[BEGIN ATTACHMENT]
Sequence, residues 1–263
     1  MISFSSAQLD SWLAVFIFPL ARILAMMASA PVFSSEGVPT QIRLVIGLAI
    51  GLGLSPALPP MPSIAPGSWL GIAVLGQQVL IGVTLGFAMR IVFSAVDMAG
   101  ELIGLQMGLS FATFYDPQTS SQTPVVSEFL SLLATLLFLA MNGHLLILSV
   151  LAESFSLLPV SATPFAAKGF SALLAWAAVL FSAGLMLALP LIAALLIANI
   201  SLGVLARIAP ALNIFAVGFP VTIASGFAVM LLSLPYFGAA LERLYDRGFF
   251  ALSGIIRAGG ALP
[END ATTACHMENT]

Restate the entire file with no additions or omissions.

Sequence, residues 1–263
     1  MISFSSAQLD SWLAVFIFPL ARILAMMASA PVFSSEGVPT QIRLVIGLAI
    51  GLGLSPALPP MPSIAPGSWL GIAVLGQQVL IGVTLGFAMR IVFSAVDMAG
   101  ELIGLQMGLS FATFYDPQTS SQTPVVSEFL SLLATLLFLA MNGHLLILSV
   151  LAESFSLLPV SATPFAAKGF SALLAWAAVL FSAGLMLALP LIAALLIANI
   201  SLGVLARIAP ALNIFAVGFP VTIASGFAVM LLSLPYFGAA LERLYDRGFF
   251  ALSGIIRAGG ALP